On May 19, 2009, Murphy's musical comedy-drama series, Glee, premiered on Fox. He co-created the series with Brad Falchuk and Ian Brennan. In its early seasons, the show was critically lauded.[7] Murphy won his first Primetime Emmy Award for directing the pilot episode.[8] The series concluded in 2015 following its sixth season.[9] Murphy was one of four executive producers on the reality television series The Glee Project, which premiered on Oxygen on June 12, 2011.[10] The show featured a group of contestants vying for the prize of a seven-episode arc on Glee, with someone being eliminated each week, until the winner is chosen in the final episode. The show was renewed for a second season, which ended up being its last.[11]

The New Normal

Murphy and Glee co-executive producer Ali Adler created the half-hour comedy The New Normal, which premiered on NBC on September 10, 2012. The series was based on Murphy's own experiences of having a child via surrogate, with the main characters, Bryan and David, named for Ryan and his husband.[12] The series was ultimately cancelled after one season.[13]

Anthology series and Scream Queens

Murphy and Falchuk created the anthology series American Horror Story, which premiered on FX on October 5, 2011. Some of the same cast have played different characters in different settings each subsequent season.[14][15] In October 2014, FX greenlit a companion anthology series, American Crime Story, which Murphy and Falchuk executive produce. The series premiered on February 2, 2016.[16]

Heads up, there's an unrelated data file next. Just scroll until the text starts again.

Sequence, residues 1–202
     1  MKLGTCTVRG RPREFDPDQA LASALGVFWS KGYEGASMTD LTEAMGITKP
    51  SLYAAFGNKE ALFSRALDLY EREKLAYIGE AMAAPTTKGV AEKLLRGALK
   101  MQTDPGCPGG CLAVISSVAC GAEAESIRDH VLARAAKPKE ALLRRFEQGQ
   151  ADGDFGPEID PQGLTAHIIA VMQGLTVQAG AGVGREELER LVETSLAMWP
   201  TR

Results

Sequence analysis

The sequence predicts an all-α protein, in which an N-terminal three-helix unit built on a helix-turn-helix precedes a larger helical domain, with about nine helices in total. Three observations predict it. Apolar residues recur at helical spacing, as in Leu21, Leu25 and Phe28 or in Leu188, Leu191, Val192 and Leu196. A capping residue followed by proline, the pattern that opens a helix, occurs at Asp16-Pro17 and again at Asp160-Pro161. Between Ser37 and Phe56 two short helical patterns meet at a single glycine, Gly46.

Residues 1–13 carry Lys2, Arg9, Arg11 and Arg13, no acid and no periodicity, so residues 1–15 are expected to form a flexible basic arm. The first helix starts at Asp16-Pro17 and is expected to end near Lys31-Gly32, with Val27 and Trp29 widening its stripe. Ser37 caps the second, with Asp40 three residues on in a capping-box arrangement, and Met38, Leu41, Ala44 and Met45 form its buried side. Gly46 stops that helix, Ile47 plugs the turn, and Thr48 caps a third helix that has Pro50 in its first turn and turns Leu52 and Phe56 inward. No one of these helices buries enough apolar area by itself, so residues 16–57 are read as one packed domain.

Murphy, Falchuk and Brennan next co-created the comedy-horror series Scream Queens, which premiered on Fox on September 22, 2015.[17] The series was cancelled after two seasons.[18][19]

Murphy's next project, the drama anthology series Feud, premiered on FX in 2017. The first season focused on the rivalry between Bette Davis and Joan Crawford on the set of their 1962 film What Ever Happened to Baby Jane?.[20]


With newcomer Steven Canals, a research assistant for Dustin Lance Black before his Master of Fine Arts at UCLA, Murphy and Falchuk launched a new series set in the Ball community in mid-1980s New York City. Murphy had wanted to adapt Paris is Burning as a series[21] and Canals had been writing a script while at graduate school centered on a young African American teen made homeless for being gay, who moved to New York with dreams of going to dance school and who became adopted by a House mother.[22] Joining Canals, Murphy and Falchuk in the writing room were Our Lady J and Janet Mock, who Murphy also encouraged to direct an episode,[21] making her the first trans woman of colour to do so, as well as the first trans woman of colour in a TV series writing room.[21]

The series premiered on FX on June 3, 2018, attracting critical acclaim.[23][24] The first season boasted the largest cast of transgender actors ever for a scripted network series with over 50 transgender characters, all played by trans actors.[25][26] On July 12, 2018, it was announced that the series had been renewed for a second season, which is set to premiere sometime in 2019.[27]